Editorial Policies: News Releases & Letters to the Editor
City of Moro City-Wide Yard Sale, May 5-6
Sherman County Court April 4 Approved Minutes Online
Notice. Sherman County Soil & Water Conservation District Special Meeting, April 26
Sheri Sharp Among New Columbia Gorge CASA Volunteers
Stages of Development – Part 3
EOCCO Community Health Assessment Focus Group Participation
Links: Things to Think About & Things to Do
“It should be your care, therefore, and mine, to elevate the minds of our children and exalt their courage; to accelerate and animate their industry and activity; to excite in them an habitual contempt of meanness, abhorrence of injustice and inhumanity, and an ambition to excel in every capacity, faculty, and virtue. If we suffer their minds to grovel and creep in infancy, they will grovel all their lives.” —John Adams (1756)
1. Editorial Policies: News Releases & Letters to the Editor
NEWS RELEASES. Please submit event and information news, meeting notices and calendar dates by using the Submit News page. Include who, what, where, when, how & why with contact or source information. As appropriate, follow up with news of event results. Links are welcome. Text, please; no posters or flyers. Keep it relevant, no longer than 350 words.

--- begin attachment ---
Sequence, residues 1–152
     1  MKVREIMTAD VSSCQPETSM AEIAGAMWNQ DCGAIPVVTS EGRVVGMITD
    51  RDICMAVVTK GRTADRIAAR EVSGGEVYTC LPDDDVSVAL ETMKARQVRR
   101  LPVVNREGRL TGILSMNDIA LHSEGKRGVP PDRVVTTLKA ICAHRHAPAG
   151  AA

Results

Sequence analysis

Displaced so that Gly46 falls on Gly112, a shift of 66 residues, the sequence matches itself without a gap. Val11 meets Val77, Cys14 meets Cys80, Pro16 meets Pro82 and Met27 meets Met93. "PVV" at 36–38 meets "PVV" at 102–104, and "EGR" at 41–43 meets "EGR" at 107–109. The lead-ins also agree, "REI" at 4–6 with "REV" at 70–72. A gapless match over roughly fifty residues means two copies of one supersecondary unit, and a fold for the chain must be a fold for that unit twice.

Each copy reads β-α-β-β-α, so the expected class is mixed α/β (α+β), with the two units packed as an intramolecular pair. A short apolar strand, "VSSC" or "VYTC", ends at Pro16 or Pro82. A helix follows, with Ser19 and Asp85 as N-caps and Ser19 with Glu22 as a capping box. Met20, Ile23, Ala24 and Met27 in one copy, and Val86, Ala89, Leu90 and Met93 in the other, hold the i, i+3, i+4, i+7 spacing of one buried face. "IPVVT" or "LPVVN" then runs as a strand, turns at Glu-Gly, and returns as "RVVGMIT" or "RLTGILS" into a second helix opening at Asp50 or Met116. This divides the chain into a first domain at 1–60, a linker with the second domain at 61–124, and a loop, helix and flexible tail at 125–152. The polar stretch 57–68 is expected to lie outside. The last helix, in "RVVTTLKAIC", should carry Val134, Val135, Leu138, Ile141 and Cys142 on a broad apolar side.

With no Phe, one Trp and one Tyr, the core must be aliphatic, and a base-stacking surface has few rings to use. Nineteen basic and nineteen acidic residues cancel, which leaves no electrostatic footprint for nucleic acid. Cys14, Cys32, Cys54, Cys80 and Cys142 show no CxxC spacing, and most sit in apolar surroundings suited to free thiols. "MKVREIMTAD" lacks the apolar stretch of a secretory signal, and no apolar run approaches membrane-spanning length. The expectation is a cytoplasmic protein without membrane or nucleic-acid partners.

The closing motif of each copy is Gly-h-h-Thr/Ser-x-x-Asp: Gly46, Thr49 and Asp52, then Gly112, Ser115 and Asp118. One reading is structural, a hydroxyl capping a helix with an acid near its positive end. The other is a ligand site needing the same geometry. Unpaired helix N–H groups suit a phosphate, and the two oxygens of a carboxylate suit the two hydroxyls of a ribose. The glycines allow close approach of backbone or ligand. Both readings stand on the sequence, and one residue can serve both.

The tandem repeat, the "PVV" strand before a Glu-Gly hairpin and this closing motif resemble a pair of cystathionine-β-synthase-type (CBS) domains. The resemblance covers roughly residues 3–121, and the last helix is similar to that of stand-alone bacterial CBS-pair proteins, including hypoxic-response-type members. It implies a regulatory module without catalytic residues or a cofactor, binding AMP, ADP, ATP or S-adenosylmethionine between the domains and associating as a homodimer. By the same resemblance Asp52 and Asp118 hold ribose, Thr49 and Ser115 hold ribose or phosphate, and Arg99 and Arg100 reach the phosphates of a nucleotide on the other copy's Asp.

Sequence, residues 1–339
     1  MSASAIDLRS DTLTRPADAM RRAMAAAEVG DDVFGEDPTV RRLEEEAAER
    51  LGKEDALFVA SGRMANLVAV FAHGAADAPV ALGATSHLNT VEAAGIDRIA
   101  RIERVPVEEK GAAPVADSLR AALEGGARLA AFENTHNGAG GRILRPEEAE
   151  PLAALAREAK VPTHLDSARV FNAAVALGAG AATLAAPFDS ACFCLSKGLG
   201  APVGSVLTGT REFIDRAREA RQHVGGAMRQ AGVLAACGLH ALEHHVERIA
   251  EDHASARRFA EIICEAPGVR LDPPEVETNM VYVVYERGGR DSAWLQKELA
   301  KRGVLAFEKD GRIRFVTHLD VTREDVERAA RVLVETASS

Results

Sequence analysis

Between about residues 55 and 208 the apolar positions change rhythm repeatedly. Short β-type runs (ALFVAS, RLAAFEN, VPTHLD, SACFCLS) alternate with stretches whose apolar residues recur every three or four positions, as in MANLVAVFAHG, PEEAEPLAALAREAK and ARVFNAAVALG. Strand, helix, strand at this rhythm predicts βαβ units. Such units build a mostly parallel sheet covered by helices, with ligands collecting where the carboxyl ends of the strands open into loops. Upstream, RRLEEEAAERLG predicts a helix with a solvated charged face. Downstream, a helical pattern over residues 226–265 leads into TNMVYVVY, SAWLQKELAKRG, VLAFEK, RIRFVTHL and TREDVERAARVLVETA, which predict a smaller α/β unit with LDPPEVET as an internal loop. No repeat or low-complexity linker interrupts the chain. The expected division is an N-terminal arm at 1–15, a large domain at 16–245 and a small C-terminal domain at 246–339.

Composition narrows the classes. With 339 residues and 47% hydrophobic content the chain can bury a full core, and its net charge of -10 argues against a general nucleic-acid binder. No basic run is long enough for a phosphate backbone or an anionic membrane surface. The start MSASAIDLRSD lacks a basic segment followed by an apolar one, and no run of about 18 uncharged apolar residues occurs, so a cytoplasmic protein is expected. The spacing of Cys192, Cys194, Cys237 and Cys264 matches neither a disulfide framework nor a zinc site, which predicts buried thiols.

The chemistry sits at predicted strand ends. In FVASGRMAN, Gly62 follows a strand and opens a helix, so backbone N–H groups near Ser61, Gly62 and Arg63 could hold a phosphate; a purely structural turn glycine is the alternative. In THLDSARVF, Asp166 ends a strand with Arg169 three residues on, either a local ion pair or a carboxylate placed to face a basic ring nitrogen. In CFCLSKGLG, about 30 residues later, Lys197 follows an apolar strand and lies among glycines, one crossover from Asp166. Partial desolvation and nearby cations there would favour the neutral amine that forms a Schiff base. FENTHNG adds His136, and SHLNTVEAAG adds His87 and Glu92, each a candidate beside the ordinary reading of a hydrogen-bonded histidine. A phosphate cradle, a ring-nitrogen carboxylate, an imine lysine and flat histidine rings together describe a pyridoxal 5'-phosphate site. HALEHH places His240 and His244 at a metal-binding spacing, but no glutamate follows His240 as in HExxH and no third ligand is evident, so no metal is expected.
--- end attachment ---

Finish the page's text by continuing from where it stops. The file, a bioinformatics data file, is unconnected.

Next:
LETTERS TO THE EDITOR. We encourage letters to the Editor that focus on ideas and opinions about public issues and events rather than personalities or private matters. We reserve the right to change policies at any time and to reject or edit any Letter to the Editor.
- Keep it short, no longer than 350 words.
- Keep it simple with one or two clear points. No attachments.
- Keep it fresh with no more than one letter per writer per month.
- Keep it civilized, in good taste and free from libel.
- Keep it relevant; focus on a local event, previous letter or issues of general concern – not personalities.
- Letters must be signed, name and town. Anonymous letters will not be posted.
- Please submit Letters to the Editor by using the Submit News page.
2. City of Moro City-Wide Yard Sale, May 5-6
Come hunt for bargains galore at the annual Moro City Wide Yard Sale. Saturday May 05th and Sunday May 06th, 2018, when the entire town cleans out attics and basements and puts their best stuff up for sale!
3. Sherman County Court April 4 Approved Minutes Online
Approved minutes for the April 4, 2018, regular session are now available in the Archive of County Court Meeting Minutes https://www.co.sherman.or.us/county-meeting-minutes-archive/
~ Kayla von Borstel, Administrative Assistant
4. Notice. Sherman County Soil & Water Conservation District Special Meeting, April 26
The Sherman County Soil and Water Conservation District will be holding a special meeting on Thursday April 26th, at 9:00 am, at the USDA Service Center Office, at 302 Scott Street in Moro, Oregon 97039. The board will discuss employee evaluations.
Sherman County Soil and Water Conservation District
SPECIAL MEETING AGENDA
April 26, 2018
Old Moro Elementary School
302 Scott St. Moro, OR 97039
- Call Meeting to Order
- Employee Evaluations
- Executive Session may be called in accordance with ORS 192.690(i) and 192.660(8) to review and evaluate the performance of an employee(s).
- Other Business
5. Sheri Sharp Among New Columbia Gorge CASA Volunteers